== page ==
A week later there was a sensation at school. Persons unknown had blown up a school litterbin using fireworks. No-one was injured by shrapnel. The headmaster was making enquiries. Ahem.


DT man displayed his usual laissez-faire attitude


“Big fuss over nothing. Perfectly normal boy behaviour.”


Just as well, perhaps, that the audience at the display tonight will include children and women like me who like pretty colours.


Left to the chaps, I suspect it could turn into a family-friendly version of anti-tank weapon testing on Salisbury Plain.





About janh1

Part-time hedonist.
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8 Responses to Pyrotechnic manoeuvres

  1. valzone says:

    When I’m stood at the bonfire tonight, watching the fireworks, listening to the crackling wood, and breathing in that wonderful bonfire aroma, I shall think of you Jan. Great piece this.

  2. Darrel Kirby says:

    Missing out on bonfire night this year due mainly to bad planning. I like mid-sized affairs where you can actually get up close to the fire but they still have a decent firework display – last few years been to one in Shurdington which has the added advantage of having a bar. Was hoping to go to the Docks this year but accidentally double booked 😦

    • janh1 says:

      The one at the Crippets? Yup I’ve been to that one at Shurdie. It was good. I seem to remember they had cider and there were lots of burly firemen supervising the fire…… second thoughts, maybe thast was a dream.

      Hard luck on the double booking. Enjoy your other engagement anyway 🙂

      If you’ve never been to the Speech House thing it’s worth a go. You get pretty close to the fire – any closer and people would start cooking. The heat is intense!

  3. I haven’t been to a bonfire party for a while. Fireworks lit by people, who may have had a drink, frighten me. I might manage to handle a sparkler but would run away from lighting anything else.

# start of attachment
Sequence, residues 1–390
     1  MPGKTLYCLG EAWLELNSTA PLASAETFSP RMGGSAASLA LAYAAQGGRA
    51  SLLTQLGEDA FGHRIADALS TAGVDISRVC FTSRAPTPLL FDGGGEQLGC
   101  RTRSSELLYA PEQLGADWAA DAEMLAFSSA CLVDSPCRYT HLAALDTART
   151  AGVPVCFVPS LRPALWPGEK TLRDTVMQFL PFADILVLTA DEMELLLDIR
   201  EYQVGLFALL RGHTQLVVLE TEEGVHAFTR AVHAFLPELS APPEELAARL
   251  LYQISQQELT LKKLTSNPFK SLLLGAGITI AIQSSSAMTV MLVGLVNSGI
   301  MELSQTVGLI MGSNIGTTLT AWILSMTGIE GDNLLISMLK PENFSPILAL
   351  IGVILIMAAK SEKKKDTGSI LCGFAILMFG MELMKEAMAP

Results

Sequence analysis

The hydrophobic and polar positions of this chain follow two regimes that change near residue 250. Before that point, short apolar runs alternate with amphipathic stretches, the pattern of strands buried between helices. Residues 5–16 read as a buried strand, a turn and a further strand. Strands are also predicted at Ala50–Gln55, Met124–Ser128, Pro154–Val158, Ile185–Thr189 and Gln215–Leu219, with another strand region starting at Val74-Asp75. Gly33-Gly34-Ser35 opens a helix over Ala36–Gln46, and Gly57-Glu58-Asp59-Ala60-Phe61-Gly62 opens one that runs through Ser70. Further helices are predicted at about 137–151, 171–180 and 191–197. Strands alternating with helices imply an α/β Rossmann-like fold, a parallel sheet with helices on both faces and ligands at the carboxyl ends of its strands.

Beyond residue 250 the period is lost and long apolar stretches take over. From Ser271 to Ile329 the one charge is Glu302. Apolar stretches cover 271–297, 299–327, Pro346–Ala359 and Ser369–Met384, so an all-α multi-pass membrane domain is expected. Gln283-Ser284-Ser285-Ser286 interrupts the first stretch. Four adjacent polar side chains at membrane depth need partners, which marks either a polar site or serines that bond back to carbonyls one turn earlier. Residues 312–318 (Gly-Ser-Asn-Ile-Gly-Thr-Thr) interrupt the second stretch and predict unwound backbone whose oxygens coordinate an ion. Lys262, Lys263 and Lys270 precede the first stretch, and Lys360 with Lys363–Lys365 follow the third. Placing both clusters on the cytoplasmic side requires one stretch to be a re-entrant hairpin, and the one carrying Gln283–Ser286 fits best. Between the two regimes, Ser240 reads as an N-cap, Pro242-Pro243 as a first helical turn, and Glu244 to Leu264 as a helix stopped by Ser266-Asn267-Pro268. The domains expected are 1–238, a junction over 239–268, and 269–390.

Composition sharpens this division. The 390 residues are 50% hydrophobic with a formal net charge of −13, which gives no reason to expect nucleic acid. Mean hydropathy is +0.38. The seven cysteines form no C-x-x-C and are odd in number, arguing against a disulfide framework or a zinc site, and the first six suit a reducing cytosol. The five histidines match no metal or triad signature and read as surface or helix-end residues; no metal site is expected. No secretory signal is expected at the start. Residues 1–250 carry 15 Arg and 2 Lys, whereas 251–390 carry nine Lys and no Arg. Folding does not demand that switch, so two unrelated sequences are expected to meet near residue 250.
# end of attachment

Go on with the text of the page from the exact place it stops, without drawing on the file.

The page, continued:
• janh1 says:

      🙂 oh I have never lit a firework in my life!! God forbid. It’s hard enough for me to light the candle in the storm lantern which stands in middle of the dining table. I end up dropping the match and yelping because the flame’s leaping up towards my finger!

      This “do” is a big charity public thing – all proceeds towards the Lions club.

  4. IsobelandCat says:

    Brilliant read!
    As an ex MFL teacher in big comprehensives, one of my tasks when returning from trips to France was to frighten the hell out of kids about the consquences of being caught with knives and bangers at customs. The Channel must be full of them.
    However, my most law-abiding cousin quite innocently purchased flick knives in Austria last year as presents for her grandsons.

  5. janh1 says:

    Tee hee Isobel, now if you’d have been no2 son’s teacher you’d have scared the living be-jeezis out of him and he might have brought me back something nice!

    What a wonderful story, granny bringing back flick-knives…”so convenient for the pocket, my dears. You don’t damage your trousers but in a trice you can be ready to whittle some sticks…!”